I heard the katydids tolling your death knell last night. In fact, the lonely, haunting dirge has sounded out for weeks now. They are singing of change, and cold, and a white, creeping death that will come to summer and singer alike.
You don’t look as if you are dying, Summer. In the midst of your lush, green fullness it seems absurd to speak of death and decay. Yet there are unmistakable signs that your days are numbered. There is a sad air of decadence hovering over your gardens now, with dry and withered cornstalk entwined with wreathes of morning glories. Your mountains are still dressed in full flowing robes of green, but here and there a tinge of yellow shows at the border of your garments.
There is an almost imperceptible difference in your night air, and the morning mist seems to linger a little longer each day. A streak of yellow goldenrod is now appearing in your tresses, and Summer, you will have to admit that you are changing.
I remember the early days when you first came into my life. You were so young and tender, full of promise. Spring had left, and I was ready for you. What beautiful times we had together! Remember how we explored the fields and woods, reveling in the teeming new life evident everywhere?
You showed me the robin’s nest, hidden in the lilac bush, with the tiny, naked birds with wide, yellow bills agape. You pointed out the intricately woven nest of the vesper sparrow, with its wee white eggs spotted with brown, cleverly concealed in the tall meadow grasses. You brought me the first roses of the season – masses of pink and red rambler roses tumbling over fence and trellis, and the brilliant tea roses that perfumed the air with their fragrance. Summer, you brought me so much – but you have been so unpredictable.
You almost overpowered me with your early rains, then you blew hot and dry. I never doubted your intense feeling for me, but the hot, passionate sun you sent was almost too much.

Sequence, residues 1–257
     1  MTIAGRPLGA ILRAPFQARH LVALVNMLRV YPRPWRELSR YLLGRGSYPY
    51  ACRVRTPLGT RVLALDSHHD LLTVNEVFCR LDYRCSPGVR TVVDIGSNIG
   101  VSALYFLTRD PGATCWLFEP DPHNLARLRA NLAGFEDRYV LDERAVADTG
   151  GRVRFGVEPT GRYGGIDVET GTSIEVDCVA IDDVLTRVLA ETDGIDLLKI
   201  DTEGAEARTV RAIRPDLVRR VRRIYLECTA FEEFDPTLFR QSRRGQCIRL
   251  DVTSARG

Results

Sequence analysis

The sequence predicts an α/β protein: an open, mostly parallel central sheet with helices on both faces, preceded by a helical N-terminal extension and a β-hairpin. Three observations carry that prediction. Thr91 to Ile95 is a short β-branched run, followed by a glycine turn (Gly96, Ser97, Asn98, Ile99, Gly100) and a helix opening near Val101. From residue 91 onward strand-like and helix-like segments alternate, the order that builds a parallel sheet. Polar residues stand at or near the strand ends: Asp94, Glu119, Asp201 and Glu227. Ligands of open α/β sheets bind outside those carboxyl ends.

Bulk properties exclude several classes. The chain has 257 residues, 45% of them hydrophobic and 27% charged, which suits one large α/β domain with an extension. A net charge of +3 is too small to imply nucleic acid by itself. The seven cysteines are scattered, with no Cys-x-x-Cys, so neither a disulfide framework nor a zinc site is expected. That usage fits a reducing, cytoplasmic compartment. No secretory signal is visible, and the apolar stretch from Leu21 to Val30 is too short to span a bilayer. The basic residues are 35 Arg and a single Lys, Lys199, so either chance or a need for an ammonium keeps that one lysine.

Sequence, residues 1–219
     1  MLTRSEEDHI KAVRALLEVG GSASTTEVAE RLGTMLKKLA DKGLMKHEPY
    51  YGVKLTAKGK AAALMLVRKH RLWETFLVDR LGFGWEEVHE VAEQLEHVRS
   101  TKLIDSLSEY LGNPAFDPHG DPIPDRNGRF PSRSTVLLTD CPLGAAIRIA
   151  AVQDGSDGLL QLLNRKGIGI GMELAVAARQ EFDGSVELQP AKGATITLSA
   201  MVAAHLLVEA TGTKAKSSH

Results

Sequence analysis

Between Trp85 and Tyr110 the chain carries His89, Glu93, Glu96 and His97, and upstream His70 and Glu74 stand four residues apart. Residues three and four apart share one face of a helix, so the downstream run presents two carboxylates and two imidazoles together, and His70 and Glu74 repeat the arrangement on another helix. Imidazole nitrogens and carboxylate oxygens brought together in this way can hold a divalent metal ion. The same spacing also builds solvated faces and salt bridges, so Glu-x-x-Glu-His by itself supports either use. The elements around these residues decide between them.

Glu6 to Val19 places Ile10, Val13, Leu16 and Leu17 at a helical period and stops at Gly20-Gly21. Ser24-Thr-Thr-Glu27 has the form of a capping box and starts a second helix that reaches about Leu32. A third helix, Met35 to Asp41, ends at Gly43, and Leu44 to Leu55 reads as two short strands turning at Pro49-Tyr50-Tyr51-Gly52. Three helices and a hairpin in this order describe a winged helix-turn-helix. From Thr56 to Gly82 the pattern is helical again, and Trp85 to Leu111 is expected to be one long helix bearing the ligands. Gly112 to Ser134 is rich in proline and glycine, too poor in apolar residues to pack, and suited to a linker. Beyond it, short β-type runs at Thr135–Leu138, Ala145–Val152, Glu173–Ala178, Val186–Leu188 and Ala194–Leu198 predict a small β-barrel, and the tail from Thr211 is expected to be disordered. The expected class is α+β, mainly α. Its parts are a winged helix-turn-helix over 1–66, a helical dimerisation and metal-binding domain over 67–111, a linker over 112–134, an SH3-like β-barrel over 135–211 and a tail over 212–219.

You have freely given of your wildflowers that still enhance the fields and roadsides. Orange butterfly weed flames amid the lacy beauty of Queen Anne’s lace, and the true blue of the chicory weed abounds. You are still beautiful, Summer, yet you are leaving me.
When you first came, I knew you couldn’t stay. Yet with your serene ways and balmy, quiet evenings, I was lulled into the false security that you would last forever. Now you are showing signs that tell me you truly will go.
I have noticed that your songbirds no longer sing so lustily at daybreak, and at evening time I see clusters of them moving about sort of uneasily. Their daytime song is almost drowned out by the mournful song of the crickets that sing all day long. I find myself wishing that you could stay, but you never promised me that.
I know that when you leave, you will be taking so many things with you. The green from the grass and meadows, the flowers that bloom by the wayside, the hot sunshine and birdsong – these things you will pack and take. The garden crops that I have labored for – what is left of these you will take also. There were times when you seemed almost cruel in your treatment of me, yet I will never forget you, Summer. You have been quite an experience.
You will linger for a while longer, though. There will still be hot days, and calm evening when we will sit in the porch swing and enjoy each other’s company. It will be bittersweet, however, since the knowledge is between that you cannot stay…
You won’t leave me bereft. It makes my heart race to know whom you will be sending to take your place. I love her so much, your sister Autumn. She will bring a riot of color to replace the green that you will take, and her very presence will be a balm to my soul. I find myself no longer able to keep up your hectic pace, Summer. When you take the garden crops, Autumn will give me tranquil days to enjoy the beauty. Already I am getting anxious for her arrival…
God sent you Summer, and I have loved you. On the days that you behaved the worst, I still appreciated the opportunity to enjoy you. I have had eyes to see your loveliness, ears to hear the song of the robin and the cardinal, and a heart to appreciate the things you have given. So we will enjoy the last days we have together. Summer of 2016, you will never be again. But, oh, I can hardly wait for Autumn…
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